Monroe Bankruptcy Attorney 

The recent economic downturn has severely impacted many Louisiana homes. If you’re one of them, don’t give up hope. You’ve worked hard for your house. It’s not necessary to give it up, and it’s never too late to ask for help. Whatever stage of the foreclosure process you are in, it is to your best advantage to seek the services of an experienced Louisiana bankruptcy lawyer who can offer effective bankruptcy representation. 

Lucky for you, filing bankruptcy can stop home foreclosure. An experienced Monroe bankruptcy attorney at E. Orum Young Law Offices can help you how to file for bankruptcy to avoid foreclosure and reclaim your financial independence. 

Declaring bankruptcy under Chapter 13 or Chapter 7 is the quickest strategy for you to stop a foreclosure. Your primary residence is protected from foreclosure during a Chapter 7 bankruptcy as an exempt asset. You will be in a better position to make the required mortgage payments after you have settled all your debts and loans. If you file for Chapter 13 bankruptcy, the court will set you a budget and allow you 3-5 years to get your financial house in order. Eliminating the need for a second mortgage, such as a home equity loan, also increases the likelihood of being current on primary mortgage payments.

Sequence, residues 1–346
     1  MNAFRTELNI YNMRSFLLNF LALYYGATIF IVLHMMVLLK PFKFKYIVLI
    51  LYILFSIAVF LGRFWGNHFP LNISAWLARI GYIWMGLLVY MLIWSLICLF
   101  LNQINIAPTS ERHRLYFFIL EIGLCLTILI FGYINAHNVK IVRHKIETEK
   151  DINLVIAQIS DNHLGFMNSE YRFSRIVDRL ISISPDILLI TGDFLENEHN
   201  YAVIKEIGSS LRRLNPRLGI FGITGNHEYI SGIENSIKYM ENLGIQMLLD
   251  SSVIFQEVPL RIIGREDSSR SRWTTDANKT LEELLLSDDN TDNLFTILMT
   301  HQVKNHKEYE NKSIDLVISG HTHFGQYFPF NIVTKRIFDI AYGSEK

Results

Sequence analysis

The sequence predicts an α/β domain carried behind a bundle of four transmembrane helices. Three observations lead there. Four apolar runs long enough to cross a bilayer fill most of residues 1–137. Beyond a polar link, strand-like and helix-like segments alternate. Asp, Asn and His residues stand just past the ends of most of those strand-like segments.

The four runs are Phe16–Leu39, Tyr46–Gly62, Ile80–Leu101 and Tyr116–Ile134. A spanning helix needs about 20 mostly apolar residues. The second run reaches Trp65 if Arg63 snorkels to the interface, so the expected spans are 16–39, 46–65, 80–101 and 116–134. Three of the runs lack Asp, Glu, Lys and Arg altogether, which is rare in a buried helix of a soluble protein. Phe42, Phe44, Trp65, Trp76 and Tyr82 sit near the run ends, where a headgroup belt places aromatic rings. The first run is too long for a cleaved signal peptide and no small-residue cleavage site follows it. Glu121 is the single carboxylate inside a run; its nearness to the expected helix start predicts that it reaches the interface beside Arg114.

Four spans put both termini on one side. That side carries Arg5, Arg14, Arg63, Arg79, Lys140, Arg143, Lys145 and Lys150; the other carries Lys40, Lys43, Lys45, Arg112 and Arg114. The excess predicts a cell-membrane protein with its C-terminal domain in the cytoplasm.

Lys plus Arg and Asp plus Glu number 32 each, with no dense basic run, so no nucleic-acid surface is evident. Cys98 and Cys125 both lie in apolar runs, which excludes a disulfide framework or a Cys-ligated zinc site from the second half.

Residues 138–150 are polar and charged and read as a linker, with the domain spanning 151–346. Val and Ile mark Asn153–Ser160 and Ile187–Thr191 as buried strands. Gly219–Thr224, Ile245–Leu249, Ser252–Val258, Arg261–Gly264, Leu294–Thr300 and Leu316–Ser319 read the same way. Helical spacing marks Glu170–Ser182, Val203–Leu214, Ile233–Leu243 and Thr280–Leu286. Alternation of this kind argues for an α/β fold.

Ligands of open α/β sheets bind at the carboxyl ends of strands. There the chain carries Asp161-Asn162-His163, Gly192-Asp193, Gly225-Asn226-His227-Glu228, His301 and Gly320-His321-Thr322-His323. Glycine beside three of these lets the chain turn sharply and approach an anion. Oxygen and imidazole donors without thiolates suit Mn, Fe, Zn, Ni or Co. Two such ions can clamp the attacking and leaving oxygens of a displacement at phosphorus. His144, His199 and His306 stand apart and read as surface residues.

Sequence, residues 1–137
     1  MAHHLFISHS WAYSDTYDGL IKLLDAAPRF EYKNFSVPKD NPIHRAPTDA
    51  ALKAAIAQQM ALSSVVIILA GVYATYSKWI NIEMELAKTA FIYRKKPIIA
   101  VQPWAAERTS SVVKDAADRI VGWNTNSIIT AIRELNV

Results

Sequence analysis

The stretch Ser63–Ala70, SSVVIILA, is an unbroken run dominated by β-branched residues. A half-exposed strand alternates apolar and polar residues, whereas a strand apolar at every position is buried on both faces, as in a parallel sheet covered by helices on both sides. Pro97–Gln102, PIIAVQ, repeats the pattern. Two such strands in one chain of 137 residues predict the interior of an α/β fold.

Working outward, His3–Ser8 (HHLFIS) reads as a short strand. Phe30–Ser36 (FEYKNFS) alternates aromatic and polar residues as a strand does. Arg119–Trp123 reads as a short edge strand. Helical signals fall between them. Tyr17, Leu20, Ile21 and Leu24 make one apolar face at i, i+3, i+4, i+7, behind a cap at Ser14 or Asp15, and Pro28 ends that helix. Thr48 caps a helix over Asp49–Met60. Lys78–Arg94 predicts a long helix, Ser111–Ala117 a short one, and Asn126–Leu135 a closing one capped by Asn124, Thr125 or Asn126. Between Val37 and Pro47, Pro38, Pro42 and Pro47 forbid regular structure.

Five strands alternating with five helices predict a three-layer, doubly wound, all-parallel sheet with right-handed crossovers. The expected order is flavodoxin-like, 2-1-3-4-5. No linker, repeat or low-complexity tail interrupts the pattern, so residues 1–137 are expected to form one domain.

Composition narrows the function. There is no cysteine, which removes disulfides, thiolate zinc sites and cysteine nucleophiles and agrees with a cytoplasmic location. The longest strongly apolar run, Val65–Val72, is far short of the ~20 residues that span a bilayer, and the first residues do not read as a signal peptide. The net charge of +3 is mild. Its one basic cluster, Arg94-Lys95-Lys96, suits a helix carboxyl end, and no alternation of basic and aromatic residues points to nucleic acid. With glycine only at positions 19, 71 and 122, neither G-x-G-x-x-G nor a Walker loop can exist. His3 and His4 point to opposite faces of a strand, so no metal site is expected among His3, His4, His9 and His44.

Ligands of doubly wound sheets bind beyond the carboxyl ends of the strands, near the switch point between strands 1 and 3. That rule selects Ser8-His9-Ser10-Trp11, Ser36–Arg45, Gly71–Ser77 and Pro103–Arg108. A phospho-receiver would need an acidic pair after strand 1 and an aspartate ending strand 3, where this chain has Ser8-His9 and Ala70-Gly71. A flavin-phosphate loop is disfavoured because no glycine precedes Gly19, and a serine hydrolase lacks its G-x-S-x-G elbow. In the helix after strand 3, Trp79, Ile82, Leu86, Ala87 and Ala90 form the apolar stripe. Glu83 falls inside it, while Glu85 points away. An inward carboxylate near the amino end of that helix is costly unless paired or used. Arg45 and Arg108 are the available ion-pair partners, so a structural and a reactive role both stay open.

E. Orum Young Law Offices’ Louisiana bankruptcy lawyers have filed the most bankruptcies in Northeast Louisiana. We can help you choose which kind of bankruptcy is best for you and stop the foreclosure process. We will take your case to court if you ask us to, and we are willing to stand by our promise. Contact us immediately for a free case review.

Foreclosure Procedures and Laws in Louisiana

filing bankruptcy can stop home foreclosureBefore the 2010 foreclosure crisis, state and federal rules governing mortgage servicers and foreclosure processes were fairly limited and favored foreclosing lenders. Loan servicing and foreclosure procedures are now heavily regulated by state and federal laws. Most of the existing laws protect borrowers as well.

Generally, servicers are obligated to provide debtors loss mitigation options, record all stages of the foreclosure process, and adhere strictly to applicable laws. Furthermore, most people in Louisiana who get a loan to purchase a home sign a promissory note and a mortgage. These papers provide homeowners with contractual rights on top of state and federal legal protections.